We are campaigning with local indigenous Tuwali communities to close down the 10,266-hectare Didipio gold-copper mine of Australian-Canadian corporation Oceanagold. This mining project has figured in a long history of civil-political and socio-economic rights violations against the indigenous communities in the remote mountain villages of Kasibu Municipality since it acquired a contract over the mineralised lands it currently operates on in Nueva Vizcaya province in 2006.

Why did you decide to choose this UN mechanism to help you solve it? 

We decided to engage with the UN Special Procedures hoping that a communication from UN Special Rapporteurs would pressure the Duterte government to take action, even in spite of its bristling stance against the UN.

If the Special Rapporteurs respond with a country visit, whether formal or academic, it would create high-profile attention for the Tuwali people’s struggles against Oceanagold. It would be a show of solidarity that would raise the morale of the defenders on the ground.

What happened at the UN?

On 13 February 2019, a total of nine Special Procedures mandate holders sent a joint communications letter to the Duterte government echoing the human rights concerns we raised.

Later, on 30 April 2020, Special Rapporteurs would cite this communication once again in urging the Duterte government to respect indigenous people’s rights in response to an earlier violent dispersal of the Tuwali protester’s ongoing barricade against the mine.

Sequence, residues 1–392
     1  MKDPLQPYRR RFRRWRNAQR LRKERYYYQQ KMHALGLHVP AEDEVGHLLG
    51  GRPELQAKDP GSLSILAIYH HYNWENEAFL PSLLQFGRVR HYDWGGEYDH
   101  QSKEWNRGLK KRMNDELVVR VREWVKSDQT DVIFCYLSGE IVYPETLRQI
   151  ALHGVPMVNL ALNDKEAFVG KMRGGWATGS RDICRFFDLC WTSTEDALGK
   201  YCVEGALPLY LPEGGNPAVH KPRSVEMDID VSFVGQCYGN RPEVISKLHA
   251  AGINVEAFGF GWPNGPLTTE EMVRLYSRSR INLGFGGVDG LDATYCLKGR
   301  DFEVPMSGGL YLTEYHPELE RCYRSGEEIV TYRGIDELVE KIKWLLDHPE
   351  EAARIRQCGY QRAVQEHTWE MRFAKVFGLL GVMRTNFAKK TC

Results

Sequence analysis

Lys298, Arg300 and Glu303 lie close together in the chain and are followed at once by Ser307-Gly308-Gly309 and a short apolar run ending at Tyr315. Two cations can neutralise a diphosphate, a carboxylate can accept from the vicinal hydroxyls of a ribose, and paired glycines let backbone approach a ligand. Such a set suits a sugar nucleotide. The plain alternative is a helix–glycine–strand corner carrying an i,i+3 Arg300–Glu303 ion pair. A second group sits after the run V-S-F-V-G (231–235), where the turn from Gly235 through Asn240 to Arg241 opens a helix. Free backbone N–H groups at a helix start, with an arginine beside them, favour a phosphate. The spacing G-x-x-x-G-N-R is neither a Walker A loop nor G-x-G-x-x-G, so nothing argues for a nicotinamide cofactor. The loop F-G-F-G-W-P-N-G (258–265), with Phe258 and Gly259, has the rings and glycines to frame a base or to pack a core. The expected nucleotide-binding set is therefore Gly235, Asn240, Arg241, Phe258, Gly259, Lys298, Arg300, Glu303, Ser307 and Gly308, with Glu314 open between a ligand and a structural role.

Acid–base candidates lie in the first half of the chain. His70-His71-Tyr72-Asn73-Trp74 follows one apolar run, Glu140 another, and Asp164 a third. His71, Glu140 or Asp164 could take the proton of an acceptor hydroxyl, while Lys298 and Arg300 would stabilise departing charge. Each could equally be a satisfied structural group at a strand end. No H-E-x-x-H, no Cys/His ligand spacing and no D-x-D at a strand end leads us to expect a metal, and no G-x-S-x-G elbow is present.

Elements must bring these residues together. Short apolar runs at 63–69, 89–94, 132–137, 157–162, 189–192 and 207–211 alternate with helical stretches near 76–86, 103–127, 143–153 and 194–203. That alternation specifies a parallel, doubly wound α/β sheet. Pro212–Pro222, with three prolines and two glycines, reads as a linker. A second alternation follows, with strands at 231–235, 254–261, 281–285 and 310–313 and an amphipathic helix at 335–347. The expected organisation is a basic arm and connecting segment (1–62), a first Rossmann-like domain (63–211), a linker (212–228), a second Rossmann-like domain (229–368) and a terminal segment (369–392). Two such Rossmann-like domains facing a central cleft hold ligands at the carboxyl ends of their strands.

What was the impact on the ground? 

We believe the intervention from the UN experts is a significant factor in making the Duterte government think twice from railroading then the impending renewal of Oceanagold’s contract agreement.

The UN Communication helped create the momentum that led to the provincial government’s issuance of a restraining order against the Oceanagold mine, and the community organisations’ launching of a people’s barricade enforcing this restraint through direct action.

Do you have any tips for other defenders using this mechanism? 

Crucial to our success in engaging the UN Special Procedures is in how we strategically located it within an interplay of various advocacy tactics. The UN intervention fed into the direct action of organised communities of defenders, and helped galvanise a broad support network from churches, local governments, and civil society.